What is breast cancer?

Breast cancer is a disease where cells in the breast grow out of control. There are different types of cancer that develop in different parts of the breast.

There are three main parts of the breast: lobules, ducts, and connective tissue. Lobules are glands that produce milk, ducts are tubes that carry milk to the nipple, and connective tissue holds everything together. Most breast cancers begin in the ducts or lobules.

Who does breast cancer affect?

Most breast cancers (80%) occur in women over the age of 50, but younger women can get it too. Some transgender men and non-binary people can also be at risk.

About 1 in 8 women are diagnosed with breast cancer during their lifetime – it’s the most common cancer in the UK. But there’s a good chance of recovery if it’s detected at an early stage.

Signs and symptoms of breast cancer

Signs and symptoms of Breast Cancer:

  • A change in the size or shape of one or both breasts.
  • A discharge of fluid from either of your nipples.
  • A change in the look or feel of your skin, such as puckering or dimpling, a rash or redness.
  • A change in the appearance of your nipple, such as becoming sunken into your breast.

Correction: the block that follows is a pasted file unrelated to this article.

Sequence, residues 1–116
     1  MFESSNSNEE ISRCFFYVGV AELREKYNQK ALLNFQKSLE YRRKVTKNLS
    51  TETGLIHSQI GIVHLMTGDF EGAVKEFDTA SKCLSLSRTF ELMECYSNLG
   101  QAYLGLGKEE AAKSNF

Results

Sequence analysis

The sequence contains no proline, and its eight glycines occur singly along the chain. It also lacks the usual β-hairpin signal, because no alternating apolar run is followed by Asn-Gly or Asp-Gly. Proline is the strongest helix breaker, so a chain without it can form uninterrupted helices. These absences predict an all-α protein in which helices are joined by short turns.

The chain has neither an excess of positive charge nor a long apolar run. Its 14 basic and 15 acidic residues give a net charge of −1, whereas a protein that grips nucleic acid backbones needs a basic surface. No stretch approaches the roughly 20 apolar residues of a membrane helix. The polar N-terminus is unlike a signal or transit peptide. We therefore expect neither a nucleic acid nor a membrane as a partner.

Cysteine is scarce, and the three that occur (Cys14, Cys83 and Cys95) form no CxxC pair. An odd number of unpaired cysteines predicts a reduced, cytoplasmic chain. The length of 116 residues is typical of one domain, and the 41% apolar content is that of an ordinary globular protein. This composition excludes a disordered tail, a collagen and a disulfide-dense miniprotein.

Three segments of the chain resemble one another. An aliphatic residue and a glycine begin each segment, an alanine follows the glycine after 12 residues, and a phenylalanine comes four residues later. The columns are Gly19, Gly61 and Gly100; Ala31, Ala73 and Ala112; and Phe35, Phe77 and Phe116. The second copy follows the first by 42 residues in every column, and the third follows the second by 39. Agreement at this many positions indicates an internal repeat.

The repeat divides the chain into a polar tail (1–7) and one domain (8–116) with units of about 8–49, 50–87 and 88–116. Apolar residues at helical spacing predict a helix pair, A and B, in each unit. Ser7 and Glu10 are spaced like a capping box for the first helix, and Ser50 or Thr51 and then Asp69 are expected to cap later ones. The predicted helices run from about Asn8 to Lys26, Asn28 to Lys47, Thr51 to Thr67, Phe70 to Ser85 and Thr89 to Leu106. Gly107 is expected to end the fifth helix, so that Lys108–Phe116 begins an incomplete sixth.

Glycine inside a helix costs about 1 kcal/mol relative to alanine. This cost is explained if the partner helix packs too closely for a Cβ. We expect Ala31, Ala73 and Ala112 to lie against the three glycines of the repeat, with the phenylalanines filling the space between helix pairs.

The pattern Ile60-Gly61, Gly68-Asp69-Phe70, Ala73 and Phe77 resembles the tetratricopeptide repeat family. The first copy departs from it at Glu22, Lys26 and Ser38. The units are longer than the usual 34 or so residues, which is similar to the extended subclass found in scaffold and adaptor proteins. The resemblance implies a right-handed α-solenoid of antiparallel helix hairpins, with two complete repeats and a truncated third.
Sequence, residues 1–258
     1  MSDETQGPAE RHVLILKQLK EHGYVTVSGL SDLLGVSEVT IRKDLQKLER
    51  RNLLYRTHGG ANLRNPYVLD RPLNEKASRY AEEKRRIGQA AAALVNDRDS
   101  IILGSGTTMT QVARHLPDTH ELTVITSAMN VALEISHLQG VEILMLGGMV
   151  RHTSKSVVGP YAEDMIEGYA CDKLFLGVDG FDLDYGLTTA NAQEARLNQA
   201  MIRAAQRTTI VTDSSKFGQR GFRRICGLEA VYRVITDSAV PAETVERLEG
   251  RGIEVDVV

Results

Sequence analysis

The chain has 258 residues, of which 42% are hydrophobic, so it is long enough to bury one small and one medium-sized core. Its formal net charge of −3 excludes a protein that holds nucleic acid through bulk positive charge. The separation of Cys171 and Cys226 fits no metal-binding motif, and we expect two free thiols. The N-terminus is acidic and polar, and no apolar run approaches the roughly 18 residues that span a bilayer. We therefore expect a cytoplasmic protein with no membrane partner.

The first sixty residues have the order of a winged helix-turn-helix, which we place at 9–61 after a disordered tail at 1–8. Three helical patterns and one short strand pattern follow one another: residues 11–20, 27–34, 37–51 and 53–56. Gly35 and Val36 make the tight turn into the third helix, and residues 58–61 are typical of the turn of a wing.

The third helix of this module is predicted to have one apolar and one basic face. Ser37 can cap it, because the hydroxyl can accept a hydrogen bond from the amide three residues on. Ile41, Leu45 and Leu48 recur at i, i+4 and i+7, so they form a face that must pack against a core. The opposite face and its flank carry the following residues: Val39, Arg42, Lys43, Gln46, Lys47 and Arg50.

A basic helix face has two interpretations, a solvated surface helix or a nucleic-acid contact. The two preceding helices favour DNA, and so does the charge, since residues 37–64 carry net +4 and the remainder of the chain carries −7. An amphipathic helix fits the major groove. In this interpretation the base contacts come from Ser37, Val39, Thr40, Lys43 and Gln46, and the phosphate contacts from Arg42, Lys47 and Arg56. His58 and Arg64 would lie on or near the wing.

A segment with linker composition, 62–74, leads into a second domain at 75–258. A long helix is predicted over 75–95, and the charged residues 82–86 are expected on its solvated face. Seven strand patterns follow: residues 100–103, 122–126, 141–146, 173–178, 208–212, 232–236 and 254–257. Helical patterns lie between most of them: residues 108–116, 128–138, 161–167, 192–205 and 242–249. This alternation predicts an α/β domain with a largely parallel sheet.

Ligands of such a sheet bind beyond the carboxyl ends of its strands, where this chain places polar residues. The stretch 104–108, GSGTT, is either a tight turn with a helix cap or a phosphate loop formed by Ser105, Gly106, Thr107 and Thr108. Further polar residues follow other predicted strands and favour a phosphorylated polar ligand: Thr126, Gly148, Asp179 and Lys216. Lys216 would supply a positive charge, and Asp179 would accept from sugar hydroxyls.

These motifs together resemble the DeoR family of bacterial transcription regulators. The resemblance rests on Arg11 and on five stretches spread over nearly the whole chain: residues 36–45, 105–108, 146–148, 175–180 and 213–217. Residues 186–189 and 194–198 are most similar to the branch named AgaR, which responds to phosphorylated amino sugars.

• A new lump or area of thickened tissue in either breast that was not there before.
  • A lump or swelling in either of your armpits.
  • A rash (like eczema), crusting, scaly or itchy skin or redness on or around your nipple.

Further Information

For more information on breast cancer from the NHS click the link below.

Read More on Breast Cancer

Screening Pathways

Screening helps early detection of abnormal cells and can positively affect the chances of recovery if abnormalities are detected. If we can catch it and start treatment early, it’s more likely to work – and more people will survive. For more information on the screening pathways for breast, bowel and cervical cancers click below.

Visit Breast Cancer Screening Pathway